It would be too much to label it a triumph and too early to call it a success, but we can be sure it is not a succès de scandale. The lack of real bite, and the step away from Manifesta’s previous policy of privileging young art, may be a disappointment to many, and they have a point: any chance to stand up to bigotry is welcome. But, as Degot points out, the radicalism of events like Manifesta, which are essentially an exercise in blooding young artists for the market, is an illusion, and any act of protest de facto compromised. Manifesta 10 is ultimately an enjoyable but unexceptional exercise in thoughtful quality international-brand contemporary art. But so much the better: this sort of show won’t change the world, but it both reminds Russians of their membership in a broader international community and denies any ammunition to forces of conservatism eager to delegitimise contemporary culture on Russian soil and deprive the population of anything but the most turgid nationalist cultural production, dished up in cinemas and on TV.
Arguably, the increased acceptance of contemporary art, in Britain at least, was not a product of the market-friendly provocations of the YBAs — unmade beds and sharks in Perspex remain tabloid clichés — but by middle-of-the-road, populist projects like Antony Gormley’s Angel of the North or Olafur Eliasson’s Sun in Tate Modern’s Turbine Hall. Manifesta 10 can’t match that spectacle, but it does share that sensibility.
An analogous process of domestication was also evident in Manifesta’s parallel programme. At least three exhibitions centred on the St Petersburg underground of the 1980s — the explosion of creative, queer, quirky joie de vivre, led by Novikov, Mamyshev-Monroe and polymath charmer Sergei Kuryokhin, that marked the city’s last positive contribution to Russian culture. The entrance of this movement into the world of museums and monographs will ultimately bring losses — a concretisation of its anarchic energies (which had in fact already been initiated by the New Artists themselves in the 1990s). But this same process helps establish these unorthodox figures as legitimate representations of St Petersburg, bringing some diversity to the city’s tedious official brand as a beacon of classical harmony. In so doing, it might contribute to overcoming the city’s centuries-old schizophrenia, the divide between the calm skyline of spires and angels, and the seedy, seductive world of the basements, bringing St Petersburg’s underground energy out into the open, helping anti-authoritarian creativity become part of Russia’s mainstream cultural identity.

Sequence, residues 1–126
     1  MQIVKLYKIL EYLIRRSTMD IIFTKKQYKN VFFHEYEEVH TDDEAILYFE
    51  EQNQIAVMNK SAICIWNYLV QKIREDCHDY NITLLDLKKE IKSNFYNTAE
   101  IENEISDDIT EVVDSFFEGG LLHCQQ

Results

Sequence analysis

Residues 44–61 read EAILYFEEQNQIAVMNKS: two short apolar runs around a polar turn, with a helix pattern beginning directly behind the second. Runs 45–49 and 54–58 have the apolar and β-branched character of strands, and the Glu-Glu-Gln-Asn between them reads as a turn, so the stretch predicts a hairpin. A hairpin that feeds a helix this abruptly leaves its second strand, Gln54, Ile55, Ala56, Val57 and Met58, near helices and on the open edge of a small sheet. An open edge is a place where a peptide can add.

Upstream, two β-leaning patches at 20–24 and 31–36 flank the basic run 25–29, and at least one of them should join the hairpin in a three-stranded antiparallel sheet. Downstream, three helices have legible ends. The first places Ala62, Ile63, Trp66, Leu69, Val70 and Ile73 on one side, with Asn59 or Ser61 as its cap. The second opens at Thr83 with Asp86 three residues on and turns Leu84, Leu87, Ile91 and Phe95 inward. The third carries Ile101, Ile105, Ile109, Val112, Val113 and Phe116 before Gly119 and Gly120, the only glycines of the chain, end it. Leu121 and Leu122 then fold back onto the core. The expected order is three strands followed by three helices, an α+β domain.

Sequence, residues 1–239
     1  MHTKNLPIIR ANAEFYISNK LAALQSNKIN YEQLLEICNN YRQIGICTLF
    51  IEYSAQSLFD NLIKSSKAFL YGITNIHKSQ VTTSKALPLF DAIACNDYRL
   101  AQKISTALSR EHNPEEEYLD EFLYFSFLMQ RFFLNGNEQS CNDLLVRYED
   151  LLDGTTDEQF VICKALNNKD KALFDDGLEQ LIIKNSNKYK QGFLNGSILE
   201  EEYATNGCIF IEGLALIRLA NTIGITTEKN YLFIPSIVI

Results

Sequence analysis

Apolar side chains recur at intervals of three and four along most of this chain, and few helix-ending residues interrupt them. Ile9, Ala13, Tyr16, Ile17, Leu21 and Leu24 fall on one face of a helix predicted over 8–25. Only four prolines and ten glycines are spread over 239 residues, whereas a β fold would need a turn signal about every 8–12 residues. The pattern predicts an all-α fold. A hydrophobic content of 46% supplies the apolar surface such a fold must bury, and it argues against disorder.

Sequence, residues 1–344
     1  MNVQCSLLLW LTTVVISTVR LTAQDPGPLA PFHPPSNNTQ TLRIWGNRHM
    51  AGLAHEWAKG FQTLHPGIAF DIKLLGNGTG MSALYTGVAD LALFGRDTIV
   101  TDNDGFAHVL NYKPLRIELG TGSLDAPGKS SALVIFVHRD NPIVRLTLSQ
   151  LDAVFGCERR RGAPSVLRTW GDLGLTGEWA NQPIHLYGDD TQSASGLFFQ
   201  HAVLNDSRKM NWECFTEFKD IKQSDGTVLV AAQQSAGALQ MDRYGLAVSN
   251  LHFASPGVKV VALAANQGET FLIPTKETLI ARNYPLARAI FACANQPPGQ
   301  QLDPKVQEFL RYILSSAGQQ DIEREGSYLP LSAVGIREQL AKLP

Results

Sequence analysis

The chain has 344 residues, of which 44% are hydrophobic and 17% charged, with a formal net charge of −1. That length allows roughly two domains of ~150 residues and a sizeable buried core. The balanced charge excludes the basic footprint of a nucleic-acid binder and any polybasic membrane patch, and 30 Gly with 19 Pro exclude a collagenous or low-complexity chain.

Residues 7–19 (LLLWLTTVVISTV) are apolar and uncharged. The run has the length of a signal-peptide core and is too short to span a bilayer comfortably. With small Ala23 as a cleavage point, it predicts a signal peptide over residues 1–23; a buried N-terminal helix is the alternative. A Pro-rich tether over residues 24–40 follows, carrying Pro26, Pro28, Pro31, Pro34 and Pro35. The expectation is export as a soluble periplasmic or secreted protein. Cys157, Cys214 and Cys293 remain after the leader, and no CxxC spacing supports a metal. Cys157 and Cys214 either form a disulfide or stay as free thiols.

"Events like Manifesta provide some enticement not to abandon the idea of independent, modern, questioning Russian culture"
Manifesta may not prompt a dramatic change in the cultural life of the city, but it does provide much needed encouragement for the local art crowd that is both its producer and its consumer. After the annexation of Crimea, Dutch artist Erik van Lieshout considered pulling out: he didn’t, he told me, largely because he felt a loyalty to his assistants, the young students helping him with his work and organising the biennial. This gesture of solidarity goes a long way.
In fact, van Lieshout, with his practical, good-humoured work, made in friendly disagreement with the cleaners and administrators of the Hermitage — whose taste we can safely assume to be inclined towards the classical — provides some sort of template for how contemporary art can bust out of its elite confinement. But extending such interaction on a massive scale seems extremely unlikely right now. At this juncture, it is his work with assistants, administrators, PR reps and junior curatorial staff that is more important. The goal of changing popular opinion may have to be deferred in favour of solving an immediate crisis: the disillusionment and frustration felt by the aforementioned liberal urban intelligentsia, the section of the population currently most eagerly brushing up their foreign languages and reviewing their visa options. It is these people and their friends — educated, liberal, discerning — that are the producers and consumers of Manifesta, and it is they whom it benefits. It is an antiquated and unsatisfactory model — the benevolent intelligentsia leading the people by the hand — but at the current moment one cannot see how cultural life in Russia can prosper if these cultural elites retreat into exile, be it real or virtual.
Events like Manifesta, which prompt the arrival of artists and press and fleeting international attention, provide some enticement not to abandon the idea of independent, modern, questioning Russian culture. Manifesta 10 may have made some concessions to convenience, but in so doing it helps, in a small way, to provide for a future in which Russian contemporary art can be convenient, inconvenient or whatever it wants — and not have to apologise for it.